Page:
Our Atomic Research Commission, set up in 1948, is engaged in valuable nuclear research for peaceful purposes. The executive agency for implementing atomic energy programmes is the Department of Atomic Energy. The Bhabha Atomic Research Centre, Trombay, near Mumbai is the biggest single scientific establishment in the country, directing nuclear research. Now, we have five research reactors, including Cirus, Dhruua, Zerina and Purnima. We have carried out two underground nuclear tests at Pokharan in Rajasthan. This is a remarkable achievement by our nuclear scientists, which has enabled us to become one of the selected few countries of the world to have done it. India is also the first developing country, and one of the seven countries of the world to master fast breeding technology. Research in breeder technology is currently going on at Indira Gandhi Centre for Atomic Research at Kalpakkam, Chennai.
The successful launching of Polar Space Launching Vehicle (PSLV- D-2), in October 1994, marked India’s entry into the league of the world’s major space powers. In the INSAT-2 series of satellites, launched first in 1992, India has shown its ability to fabricate complex systems comparable to anything made anywhere in the world. Our previous launches of the SLV-3 and the SLV were merely stepping stones to what will be the workhorses of the business, the PSLV, which can launch one tone satellite into orbit of up to 1000 km, and the
Geosynchronous Satellite Launch Vehicle, which can take 2.5 tonne satellite to orbits 36,000 km away. India’s space programme rocketed to greater heights with the successful launch of the second Geosynchronous Satellite Launch Vehicle (GSLV-D2) in May, 2003. As has been rightly observed, the challenge before Indian Space Research Organisation (ISRO) is to maintain the momentum of the programme by integrating it with other missions. The most obvious ones are related to military communication and reconnaissance.
Our success on Antarctica speaks volumes of our scientific genius and technological wisdom in the field. So far, 13 scientific expeditions by our oceanographers, scientists and technicians have been to Antarctica and we have two permanent stations on the icy continent.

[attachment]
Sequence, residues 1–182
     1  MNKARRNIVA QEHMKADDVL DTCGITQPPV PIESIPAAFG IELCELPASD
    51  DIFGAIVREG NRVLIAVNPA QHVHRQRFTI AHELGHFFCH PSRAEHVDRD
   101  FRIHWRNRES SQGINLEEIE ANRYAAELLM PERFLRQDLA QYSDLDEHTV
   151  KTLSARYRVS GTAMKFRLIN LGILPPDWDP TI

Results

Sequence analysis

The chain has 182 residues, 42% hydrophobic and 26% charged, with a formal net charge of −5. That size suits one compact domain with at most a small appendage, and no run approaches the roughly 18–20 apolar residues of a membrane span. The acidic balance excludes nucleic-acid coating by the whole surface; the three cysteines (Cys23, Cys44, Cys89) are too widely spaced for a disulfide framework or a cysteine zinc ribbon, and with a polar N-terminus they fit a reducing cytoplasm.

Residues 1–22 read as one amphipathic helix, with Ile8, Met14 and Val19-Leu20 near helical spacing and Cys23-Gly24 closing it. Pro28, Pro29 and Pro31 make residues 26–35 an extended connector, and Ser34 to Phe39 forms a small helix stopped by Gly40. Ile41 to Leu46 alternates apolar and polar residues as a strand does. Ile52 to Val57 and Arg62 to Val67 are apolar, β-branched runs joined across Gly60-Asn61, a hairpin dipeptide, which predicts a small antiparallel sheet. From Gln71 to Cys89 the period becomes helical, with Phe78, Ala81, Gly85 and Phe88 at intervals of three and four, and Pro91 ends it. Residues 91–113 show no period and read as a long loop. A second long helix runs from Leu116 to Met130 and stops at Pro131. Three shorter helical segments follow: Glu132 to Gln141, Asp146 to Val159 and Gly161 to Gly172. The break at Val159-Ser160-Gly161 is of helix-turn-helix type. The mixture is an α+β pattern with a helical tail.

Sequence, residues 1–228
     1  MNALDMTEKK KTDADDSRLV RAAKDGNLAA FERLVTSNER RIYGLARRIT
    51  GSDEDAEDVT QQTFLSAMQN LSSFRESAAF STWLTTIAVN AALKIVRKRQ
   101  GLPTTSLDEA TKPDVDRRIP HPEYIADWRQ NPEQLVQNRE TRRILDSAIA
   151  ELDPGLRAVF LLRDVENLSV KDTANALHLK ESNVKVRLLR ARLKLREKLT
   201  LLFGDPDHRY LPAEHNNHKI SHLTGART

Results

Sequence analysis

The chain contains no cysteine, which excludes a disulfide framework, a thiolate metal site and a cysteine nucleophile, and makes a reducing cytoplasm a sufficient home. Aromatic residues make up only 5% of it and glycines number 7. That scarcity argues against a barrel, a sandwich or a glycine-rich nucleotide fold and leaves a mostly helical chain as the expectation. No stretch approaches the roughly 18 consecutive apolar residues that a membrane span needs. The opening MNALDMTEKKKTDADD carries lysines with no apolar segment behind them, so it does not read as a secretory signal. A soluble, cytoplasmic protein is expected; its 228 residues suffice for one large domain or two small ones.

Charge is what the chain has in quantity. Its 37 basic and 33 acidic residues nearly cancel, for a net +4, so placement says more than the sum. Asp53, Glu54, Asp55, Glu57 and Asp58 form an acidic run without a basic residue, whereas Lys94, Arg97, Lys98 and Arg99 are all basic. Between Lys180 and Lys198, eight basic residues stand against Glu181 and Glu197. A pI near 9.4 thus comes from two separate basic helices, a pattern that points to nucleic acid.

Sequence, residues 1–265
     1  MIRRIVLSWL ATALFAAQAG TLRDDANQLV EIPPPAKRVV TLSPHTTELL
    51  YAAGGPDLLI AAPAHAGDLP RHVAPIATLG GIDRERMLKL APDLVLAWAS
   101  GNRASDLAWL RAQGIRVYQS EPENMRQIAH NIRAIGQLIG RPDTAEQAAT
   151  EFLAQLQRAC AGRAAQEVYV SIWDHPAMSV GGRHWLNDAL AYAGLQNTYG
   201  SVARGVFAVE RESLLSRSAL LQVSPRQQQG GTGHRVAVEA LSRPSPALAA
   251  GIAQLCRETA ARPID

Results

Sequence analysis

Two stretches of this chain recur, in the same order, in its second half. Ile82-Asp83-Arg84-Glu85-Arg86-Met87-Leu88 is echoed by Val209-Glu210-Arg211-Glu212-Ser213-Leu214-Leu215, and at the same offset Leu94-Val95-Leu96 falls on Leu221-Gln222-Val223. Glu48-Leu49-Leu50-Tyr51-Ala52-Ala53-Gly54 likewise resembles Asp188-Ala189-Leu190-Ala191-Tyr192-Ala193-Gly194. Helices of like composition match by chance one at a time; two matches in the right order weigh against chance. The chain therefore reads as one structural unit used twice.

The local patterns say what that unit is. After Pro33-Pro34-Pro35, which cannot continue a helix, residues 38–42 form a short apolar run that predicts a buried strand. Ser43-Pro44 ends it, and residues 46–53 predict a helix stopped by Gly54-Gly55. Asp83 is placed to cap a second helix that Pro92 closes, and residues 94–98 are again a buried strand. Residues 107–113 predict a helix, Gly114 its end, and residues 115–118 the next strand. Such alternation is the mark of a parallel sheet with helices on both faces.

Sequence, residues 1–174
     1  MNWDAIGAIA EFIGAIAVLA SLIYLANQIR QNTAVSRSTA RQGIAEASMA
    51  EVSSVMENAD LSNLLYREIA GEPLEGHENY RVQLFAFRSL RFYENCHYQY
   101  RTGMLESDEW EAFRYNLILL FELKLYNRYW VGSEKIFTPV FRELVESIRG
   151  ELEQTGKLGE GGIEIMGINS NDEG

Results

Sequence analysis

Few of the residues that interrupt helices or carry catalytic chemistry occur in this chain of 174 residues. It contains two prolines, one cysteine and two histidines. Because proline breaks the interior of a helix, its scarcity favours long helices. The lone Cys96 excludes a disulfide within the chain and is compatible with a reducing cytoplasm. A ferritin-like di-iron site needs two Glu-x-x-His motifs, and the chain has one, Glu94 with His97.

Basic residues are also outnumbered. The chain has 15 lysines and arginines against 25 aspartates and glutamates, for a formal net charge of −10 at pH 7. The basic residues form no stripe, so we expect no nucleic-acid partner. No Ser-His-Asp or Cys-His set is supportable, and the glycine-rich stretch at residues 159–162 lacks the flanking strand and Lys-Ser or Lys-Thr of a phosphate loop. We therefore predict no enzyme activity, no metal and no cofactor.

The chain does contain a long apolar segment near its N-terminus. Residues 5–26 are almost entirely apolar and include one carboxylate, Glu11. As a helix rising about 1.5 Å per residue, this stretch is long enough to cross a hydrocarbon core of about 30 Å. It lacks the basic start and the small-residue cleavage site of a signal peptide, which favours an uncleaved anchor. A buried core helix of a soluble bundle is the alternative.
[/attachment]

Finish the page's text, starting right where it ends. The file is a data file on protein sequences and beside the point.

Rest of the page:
In the field of defence also our achievements have been quite laudable. The successful production of such missiles as Prithvi and Nag testify to the high capabilities and achievements of our scientists. We have also been successful in producing opt-electronic fire control and night-vision devices required for our indigenous tanks. The HAL at Bangalore has already produced Advanced Light Helicopter (ALH).
Obviously, technology has been used effectively as a tool and instrument of national development and yet much remains to be achieved in order to make its benefits reach the masses. Scientists in the country will have to strive hard to take technological developments to people’s doorsteps. Therefore, they cannot rest on their laurels, but should remember the famous and inspiring lines of the poet Robert Frost:
The woods are lovely, dark and deep,
But I have promises to keep,
And miles to go before I sleep,
And miles to go before I sleep.
Development at any phase is always linked with technology and technology happens when there is advancement in science. Hence science, technology and development are all proportional to each other.
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Development is required in every individual to every nation in all aspects and for development to happen, science and technology go hand in hand. Basically science is known as the study of knowledge, which is made into a system and depends on analysing and understanding facts. Technology is basically the application of this scientific knowledge.